This is an archived post taken from the January 2013 edition of KrantzWellness News.
So many of us begin the New Year by making resolutions. We’ve all been there. We take a vow to lose weight, exercise more or have more down time. We start the year with great intentions and quickly relapse into old habits. Change is more likely to occur when we plant small seeds in many areas of our life, and then move gently in the direction of our goals. These small acts add up and result in sustainable change. Let’s not be distracted by quick fixes that end as soon as they begin. Instead, try a gradual journey to find what feeds your soul and move in that direction. Moment by moment…
Staying hydrated is crucial to our well being and can reduce cravings, reduce headaches, stabilize weight, reduce tension, and promote a healthy immune system. If you become dehydrated, your sinuses can dry out and the lymphatic system can slow down. This can increase your chance of catching a cold or flu. Here are a few winter tips to help you stay hydrated:
Running a humidifier in the winter is a helpful way to hydrate. Remember to clean your humidifier regularly to prevent mold growth. If you use a wood stove, you can put a pot of water on the stove which will act as a humidifier.
It can be helpful to start your day with a large glass of water. This helps to rehydrate from the night and flush toxins from your body.
Using a neti pot is a great way to reduce congestion and flush toxins. Make sure to follow the directions and only use distilled or boiled (and then cooled) water. Smaller tea pots or syringes are available for easier use with children.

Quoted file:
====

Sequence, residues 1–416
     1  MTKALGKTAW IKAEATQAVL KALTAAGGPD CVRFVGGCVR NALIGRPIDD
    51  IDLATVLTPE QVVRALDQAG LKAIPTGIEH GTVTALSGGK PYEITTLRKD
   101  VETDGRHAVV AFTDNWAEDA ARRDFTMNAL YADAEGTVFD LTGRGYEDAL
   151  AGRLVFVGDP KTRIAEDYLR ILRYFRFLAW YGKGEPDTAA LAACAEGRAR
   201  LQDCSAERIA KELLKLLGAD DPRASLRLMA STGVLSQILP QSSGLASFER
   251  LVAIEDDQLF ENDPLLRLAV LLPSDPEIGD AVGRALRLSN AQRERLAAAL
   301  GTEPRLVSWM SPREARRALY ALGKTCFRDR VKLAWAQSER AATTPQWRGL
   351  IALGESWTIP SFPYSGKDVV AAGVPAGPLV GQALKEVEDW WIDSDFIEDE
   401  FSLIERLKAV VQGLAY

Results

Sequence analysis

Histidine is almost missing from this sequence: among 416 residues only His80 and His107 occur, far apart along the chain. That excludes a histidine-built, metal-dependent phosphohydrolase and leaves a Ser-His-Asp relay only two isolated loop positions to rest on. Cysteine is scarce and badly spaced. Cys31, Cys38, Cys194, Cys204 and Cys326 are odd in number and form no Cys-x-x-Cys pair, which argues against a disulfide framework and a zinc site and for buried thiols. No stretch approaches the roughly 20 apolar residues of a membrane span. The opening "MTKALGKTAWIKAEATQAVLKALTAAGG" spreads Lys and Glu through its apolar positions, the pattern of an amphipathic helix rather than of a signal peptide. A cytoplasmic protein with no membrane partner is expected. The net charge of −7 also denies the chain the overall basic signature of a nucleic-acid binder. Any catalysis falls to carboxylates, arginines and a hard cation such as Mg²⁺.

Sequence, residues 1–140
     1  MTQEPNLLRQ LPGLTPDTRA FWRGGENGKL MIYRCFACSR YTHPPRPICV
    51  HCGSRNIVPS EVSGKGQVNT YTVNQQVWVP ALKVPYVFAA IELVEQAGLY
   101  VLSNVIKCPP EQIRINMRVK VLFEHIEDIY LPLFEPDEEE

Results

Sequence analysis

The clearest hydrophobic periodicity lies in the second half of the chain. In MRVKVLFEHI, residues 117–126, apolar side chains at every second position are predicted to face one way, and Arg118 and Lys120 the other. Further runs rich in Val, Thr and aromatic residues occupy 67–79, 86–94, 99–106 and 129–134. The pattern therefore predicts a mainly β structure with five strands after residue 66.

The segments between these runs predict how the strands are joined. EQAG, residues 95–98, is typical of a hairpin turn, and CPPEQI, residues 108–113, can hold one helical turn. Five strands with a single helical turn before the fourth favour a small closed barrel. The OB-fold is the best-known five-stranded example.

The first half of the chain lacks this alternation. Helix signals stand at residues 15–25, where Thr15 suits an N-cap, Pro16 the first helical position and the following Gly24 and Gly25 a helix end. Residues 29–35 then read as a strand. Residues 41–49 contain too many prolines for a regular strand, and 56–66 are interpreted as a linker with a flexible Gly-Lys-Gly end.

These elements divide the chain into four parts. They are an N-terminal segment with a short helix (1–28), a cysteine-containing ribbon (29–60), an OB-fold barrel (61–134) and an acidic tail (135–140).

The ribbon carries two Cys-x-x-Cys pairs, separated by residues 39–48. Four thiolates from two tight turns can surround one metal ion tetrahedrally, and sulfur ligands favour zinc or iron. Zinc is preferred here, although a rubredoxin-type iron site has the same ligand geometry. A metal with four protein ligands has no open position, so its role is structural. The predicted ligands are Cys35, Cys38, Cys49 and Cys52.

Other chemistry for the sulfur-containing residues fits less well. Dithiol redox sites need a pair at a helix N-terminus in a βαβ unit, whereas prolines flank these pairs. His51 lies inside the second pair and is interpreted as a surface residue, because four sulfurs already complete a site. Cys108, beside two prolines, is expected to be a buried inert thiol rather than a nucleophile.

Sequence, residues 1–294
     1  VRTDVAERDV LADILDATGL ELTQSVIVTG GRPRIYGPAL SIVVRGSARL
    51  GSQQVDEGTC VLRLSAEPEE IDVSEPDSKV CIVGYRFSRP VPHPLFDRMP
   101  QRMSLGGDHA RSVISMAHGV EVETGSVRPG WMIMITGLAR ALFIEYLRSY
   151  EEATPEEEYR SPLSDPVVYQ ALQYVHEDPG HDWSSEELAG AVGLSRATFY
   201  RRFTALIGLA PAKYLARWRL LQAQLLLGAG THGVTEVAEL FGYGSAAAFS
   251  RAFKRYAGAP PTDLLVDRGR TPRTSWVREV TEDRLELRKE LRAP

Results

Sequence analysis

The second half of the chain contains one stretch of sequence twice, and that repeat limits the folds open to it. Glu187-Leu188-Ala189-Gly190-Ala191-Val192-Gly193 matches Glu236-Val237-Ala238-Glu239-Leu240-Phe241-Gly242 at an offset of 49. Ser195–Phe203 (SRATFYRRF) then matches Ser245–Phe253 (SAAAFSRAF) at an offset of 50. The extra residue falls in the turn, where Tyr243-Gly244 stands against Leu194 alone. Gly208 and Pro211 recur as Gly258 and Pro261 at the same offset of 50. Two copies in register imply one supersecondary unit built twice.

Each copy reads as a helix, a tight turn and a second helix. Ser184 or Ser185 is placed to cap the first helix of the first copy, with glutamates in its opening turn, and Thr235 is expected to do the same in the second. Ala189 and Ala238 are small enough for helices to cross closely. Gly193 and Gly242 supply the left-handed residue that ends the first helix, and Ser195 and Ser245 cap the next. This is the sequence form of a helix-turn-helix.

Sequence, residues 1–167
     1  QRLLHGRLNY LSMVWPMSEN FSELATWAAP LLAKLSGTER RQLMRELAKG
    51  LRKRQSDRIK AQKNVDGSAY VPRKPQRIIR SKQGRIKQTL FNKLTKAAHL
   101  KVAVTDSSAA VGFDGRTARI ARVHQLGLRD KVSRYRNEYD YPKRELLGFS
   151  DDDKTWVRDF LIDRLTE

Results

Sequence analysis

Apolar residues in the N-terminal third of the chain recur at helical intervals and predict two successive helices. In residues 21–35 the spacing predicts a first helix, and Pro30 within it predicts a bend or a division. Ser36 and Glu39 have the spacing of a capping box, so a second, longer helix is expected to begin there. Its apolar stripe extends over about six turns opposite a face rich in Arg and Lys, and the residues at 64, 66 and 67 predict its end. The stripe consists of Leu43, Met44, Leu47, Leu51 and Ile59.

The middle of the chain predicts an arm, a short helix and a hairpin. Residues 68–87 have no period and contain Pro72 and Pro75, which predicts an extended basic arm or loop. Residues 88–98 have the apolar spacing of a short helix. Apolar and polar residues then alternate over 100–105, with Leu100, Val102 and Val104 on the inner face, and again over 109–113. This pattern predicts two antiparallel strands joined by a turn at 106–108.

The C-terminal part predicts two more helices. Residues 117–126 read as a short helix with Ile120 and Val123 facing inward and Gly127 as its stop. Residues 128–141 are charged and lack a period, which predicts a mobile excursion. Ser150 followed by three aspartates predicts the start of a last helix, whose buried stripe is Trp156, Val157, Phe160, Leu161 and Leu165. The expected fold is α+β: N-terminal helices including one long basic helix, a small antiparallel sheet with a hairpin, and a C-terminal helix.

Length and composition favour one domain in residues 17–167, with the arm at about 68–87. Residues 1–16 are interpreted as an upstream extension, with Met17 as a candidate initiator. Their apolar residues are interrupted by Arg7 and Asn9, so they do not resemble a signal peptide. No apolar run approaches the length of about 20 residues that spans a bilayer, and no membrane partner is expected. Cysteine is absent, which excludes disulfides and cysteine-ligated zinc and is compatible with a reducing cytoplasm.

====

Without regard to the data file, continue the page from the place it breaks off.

Keeping skin hydrated helps the lymphatic system to remove toxins from the body. The skin is one of our primary organs that processes and eliminates toxins. Applying warm or room temperature oil (sesame or olive oil works well) is a powerful way to support hydration of the skin and lymphatic system. Before you dry off after a bath/shower, apply a small amount of oil on your skin and then pat dry. Taking these few minutes to apply oil on your skin will support optimum health.
Food-Tip: Spice it Up
Adding herbs and spices to your food this time of year can bring needed warmth to your digestion and can enhance the functioning of your immune system. I suggest experimenting with different herbs and spices and finding ones that you enjoy.
Here are a few of my favorites:
Garlic has many healing properties and has been found to lower cholesterol, lower blood pressure and stabilize blood sugar levels. In addition, garlic is a powerful antiseptic, antibiotic, and antimicrobial. To get the maximum benefits, peel and chop your garlic and let it sit out for 15 minutes. This will allow the allin to convert to allicin, which provides the antimicrobial properites. Add it raw to foods (ie. guacamole), or cook it for a short time using a low temperature.
Ginger is a warming herb that is an anti-inflammatory, increases circulation, and enhances the functioning of your immune system. Ginger tea can increase sweat production, which helps the body release toxins. In addition, it is an effective remedy for nausea/stomach discomfort.
Turmeric is a root in the ginger family. Turmeric powder is made by boiling, drying and grinding the root. Its yellow pigment comes from curcumin, which is rich in beta-carotene. Turmeric is a powerful anti-inflammatory and has antioxidant properties. Turmeric can be used as an individual spice or as one ingredient in curry powder.
Astragalus is the root of a perennial plant that has strong immune boosting qualities. It can be purchased in thin slices and cooked with pots of soup, grains or beans and then removed before serving. This adds the health benefits to your dish without much of a flavor change. It is best used to boost immunity rather than treat illness.
Recipes to Try